I did this to my Rubicon and got 21⁄4 inches of lift in the front and 13⁄8 inches of lift in the rear. On the front of my Jeep I also run a 11⁄4-inch spacer. These springs are not only a bit taller, but are made of larger diameter wire. They improve the handling on-road and soften the ride off-road. The springs can frequently be found online used for about $50 to $75, or they can be had for about $190 to just over $200 from the dealer.
For someone wanting a small amount of lift and the ability to fit up to 35-inch tires, this is an inexpensive option. One word of warning: It would help to get some shocks with a little more travel. The red paint showing was under the shock cover when I painted it black before adding the new Unlimited Wrangler springs. The red doesn’t show all of the lift, as some of the black paint got up under the cover.
Tech Talk Smack
Verne, you got that one wrong! (Editor’s note: He’s speaking about a tech question and answer from our monthly column, Your Jeep (Nov. ’12), about a drop-in CJ V-8 swap for a 258-powered ’83 CJ-5). If you recall, ’72-’81 CJs were equipped with the AMC 304 V-8. To say there is no V-8 that will directly bolt in a CJ is a gross error on your part. Any 304, 360, or 401 is a straight bolt-in operation in place of the 258 six. I’ve been reading the column for quite some time and have found you people don’t quite really know your Jeeps at times. It’s unfortunate that readers are being misinformed, and you people are not the Jeep aficionados you pose to be.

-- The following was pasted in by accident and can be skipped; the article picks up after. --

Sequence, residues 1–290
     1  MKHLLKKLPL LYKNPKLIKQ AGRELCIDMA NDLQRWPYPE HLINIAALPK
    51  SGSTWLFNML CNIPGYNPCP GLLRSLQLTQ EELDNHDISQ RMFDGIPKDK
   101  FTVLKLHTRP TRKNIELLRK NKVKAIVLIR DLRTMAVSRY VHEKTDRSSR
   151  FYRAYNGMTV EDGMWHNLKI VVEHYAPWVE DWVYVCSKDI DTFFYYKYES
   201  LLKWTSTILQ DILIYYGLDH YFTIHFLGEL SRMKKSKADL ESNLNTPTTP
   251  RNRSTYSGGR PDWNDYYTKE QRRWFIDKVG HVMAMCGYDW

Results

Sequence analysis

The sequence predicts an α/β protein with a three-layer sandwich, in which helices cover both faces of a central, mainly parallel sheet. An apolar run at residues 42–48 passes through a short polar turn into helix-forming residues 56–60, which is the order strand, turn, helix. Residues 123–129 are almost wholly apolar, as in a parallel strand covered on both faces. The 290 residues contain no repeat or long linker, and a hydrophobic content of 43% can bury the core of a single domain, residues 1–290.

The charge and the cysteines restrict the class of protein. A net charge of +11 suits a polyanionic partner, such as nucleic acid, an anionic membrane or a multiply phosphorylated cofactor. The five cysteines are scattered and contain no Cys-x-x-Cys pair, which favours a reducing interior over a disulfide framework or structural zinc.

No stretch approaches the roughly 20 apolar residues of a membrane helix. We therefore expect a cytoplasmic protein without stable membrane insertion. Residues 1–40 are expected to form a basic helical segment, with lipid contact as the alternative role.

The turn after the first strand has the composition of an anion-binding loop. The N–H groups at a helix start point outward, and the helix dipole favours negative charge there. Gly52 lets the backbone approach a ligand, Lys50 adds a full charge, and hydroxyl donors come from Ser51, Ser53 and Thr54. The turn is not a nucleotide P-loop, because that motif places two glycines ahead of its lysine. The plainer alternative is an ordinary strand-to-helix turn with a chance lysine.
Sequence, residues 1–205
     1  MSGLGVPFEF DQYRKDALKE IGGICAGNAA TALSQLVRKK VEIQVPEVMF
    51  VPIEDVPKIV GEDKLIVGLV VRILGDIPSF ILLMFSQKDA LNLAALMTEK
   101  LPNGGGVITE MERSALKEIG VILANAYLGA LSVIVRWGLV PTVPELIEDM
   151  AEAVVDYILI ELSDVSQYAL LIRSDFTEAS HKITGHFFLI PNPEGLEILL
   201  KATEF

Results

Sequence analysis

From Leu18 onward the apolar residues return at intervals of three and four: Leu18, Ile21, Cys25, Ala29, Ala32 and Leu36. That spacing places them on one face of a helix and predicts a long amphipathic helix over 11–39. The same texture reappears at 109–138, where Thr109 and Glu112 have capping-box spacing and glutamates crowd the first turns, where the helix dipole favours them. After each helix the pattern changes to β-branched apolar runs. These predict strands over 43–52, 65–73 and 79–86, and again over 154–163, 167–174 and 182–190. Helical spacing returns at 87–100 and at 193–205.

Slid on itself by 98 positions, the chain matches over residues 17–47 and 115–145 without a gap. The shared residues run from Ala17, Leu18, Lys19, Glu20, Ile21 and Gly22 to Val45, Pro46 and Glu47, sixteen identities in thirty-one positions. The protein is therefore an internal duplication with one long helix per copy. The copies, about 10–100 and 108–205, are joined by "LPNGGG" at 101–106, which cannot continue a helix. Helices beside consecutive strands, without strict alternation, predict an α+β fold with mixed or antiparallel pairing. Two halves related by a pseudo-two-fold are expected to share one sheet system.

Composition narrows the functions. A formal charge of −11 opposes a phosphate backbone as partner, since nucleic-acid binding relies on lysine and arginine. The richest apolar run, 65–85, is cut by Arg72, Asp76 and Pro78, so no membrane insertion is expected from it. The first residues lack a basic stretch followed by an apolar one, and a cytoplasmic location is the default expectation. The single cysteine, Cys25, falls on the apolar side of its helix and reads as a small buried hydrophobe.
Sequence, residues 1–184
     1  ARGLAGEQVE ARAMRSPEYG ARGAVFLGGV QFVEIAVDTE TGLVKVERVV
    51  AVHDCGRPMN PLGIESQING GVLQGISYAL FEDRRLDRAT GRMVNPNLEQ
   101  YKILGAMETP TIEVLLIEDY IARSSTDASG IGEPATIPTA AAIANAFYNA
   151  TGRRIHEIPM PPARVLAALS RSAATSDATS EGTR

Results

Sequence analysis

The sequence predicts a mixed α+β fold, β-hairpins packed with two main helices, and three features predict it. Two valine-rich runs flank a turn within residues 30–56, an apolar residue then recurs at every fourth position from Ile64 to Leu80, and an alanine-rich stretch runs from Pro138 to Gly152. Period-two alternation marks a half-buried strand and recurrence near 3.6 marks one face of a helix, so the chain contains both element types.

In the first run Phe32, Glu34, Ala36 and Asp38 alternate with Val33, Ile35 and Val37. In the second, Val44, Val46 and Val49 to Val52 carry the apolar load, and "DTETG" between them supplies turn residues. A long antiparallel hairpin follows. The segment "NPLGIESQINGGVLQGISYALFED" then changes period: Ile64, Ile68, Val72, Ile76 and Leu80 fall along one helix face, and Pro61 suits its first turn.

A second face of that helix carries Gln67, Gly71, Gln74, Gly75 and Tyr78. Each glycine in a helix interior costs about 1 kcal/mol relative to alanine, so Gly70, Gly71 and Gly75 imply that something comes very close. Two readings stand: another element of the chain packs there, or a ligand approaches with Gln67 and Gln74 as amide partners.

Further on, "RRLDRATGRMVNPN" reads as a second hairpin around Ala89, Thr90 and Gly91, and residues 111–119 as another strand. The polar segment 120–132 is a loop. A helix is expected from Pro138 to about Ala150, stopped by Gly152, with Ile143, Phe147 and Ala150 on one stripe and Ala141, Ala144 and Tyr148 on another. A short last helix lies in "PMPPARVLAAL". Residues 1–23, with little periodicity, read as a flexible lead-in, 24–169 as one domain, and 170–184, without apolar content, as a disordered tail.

Rohnert Park, CA